An annual in the Apiaceae family, Trachyspermum ammi has small, oval-shaped fruits (or seeds) that are bitter in taste and highly aromatic. Also called carom, the seeds are often dry roasted and enjoyed as a spice in savory dishes, baked goods, and even sweet desserts. Ajwain seeds are also employed in Ayurvedic healing practices for their beneficial properties. Ajwain seed is typically used in culinary recipes and condiments.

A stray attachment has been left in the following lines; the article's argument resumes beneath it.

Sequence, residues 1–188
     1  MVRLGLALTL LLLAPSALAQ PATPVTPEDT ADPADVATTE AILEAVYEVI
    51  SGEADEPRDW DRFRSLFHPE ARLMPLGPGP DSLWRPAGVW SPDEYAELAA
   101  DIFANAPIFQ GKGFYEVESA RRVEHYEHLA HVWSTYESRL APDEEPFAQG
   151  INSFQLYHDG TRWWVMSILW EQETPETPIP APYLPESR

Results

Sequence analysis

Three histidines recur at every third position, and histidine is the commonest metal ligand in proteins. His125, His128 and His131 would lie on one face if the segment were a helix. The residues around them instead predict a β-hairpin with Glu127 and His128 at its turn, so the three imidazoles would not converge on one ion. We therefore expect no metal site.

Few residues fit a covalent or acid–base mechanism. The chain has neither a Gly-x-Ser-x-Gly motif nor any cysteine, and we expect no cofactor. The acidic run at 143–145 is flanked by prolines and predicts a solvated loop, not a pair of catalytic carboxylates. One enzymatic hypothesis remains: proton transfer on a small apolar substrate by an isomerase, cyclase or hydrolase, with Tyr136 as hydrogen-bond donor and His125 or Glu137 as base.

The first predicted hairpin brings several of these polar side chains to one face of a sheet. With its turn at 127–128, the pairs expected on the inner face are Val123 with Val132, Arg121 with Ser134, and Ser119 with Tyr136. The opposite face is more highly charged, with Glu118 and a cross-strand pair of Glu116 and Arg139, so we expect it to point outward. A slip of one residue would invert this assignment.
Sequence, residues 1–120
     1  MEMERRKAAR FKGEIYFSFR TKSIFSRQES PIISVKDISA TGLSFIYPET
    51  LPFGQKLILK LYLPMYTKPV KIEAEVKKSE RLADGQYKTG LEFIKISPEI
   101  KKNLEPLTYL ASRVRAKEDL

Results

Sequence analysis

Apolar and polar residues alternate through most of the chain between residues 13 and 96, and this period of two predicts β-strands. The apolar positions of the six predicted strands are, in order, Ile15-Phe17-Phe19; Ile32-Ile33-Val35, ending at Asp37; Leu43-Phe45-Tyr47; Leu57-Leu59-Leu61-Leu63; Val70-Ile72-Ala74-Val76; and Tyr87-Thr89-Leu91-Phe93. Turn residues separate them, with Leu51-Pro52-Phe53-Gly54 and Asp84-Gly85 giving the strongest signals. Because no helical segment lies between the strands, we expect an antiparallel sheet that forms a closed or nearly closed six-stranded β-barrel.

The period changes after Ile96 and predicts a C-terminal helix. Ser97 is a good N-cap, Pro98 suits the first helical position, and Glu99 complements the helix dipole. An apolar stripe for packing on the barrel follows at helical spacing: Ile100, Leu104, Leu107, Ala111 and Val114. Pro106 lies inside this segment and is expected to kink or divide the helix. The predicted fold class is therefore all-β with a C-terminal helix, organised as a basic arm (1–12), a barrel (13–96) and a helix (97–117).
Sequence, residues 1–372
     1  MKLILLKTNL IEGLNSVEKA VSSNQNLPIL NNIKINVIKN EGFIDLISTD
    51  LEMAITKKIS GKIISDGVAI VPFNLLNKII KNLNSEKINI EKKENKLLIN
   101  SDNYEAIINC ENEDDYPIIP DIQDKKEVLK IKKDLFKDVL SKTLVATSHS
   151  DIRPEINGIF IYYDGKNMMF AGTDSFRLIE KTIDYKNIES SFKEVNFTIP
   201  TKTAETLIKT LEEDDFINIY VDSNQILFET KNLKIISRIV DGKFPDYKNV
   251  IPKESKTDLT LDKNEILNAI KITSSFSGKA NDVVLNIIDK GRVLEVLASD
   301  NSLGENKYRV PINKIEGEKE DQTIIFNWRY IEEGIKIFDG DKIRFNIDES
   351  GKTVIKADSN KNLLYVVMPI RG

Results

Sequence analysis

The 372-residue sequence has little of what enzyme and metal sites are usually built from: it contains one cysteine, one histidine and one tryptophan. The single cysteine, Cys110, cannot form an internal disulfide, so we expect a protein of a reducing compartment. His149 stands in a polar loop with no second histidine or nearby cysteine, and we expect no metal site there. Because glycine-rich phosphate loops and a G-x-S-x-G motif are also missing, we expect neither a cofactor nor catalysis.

It was originally from the eastern Mediterranean but is now mostly cultivated along riverbanks in central Asia, India, and much of Egypt. The dried fruits (seeds) are used in all types of Middle Eastern, African, and Indian cooking usually in their whole form. They lend a flavor that is savory and somewhat bitter. The seeds add balance to sweet soups and stews and are said to lessen the gaseous effects of beans. Ajwain goes well with light proteins, legumes, and in curries, and may be combined with turmeric, paprika, cumin, fennel, and coriander. Ajwain seeds are associated with the Ayurvedic tradition and are used as a digestive aid as well as for minor stomach complaints.
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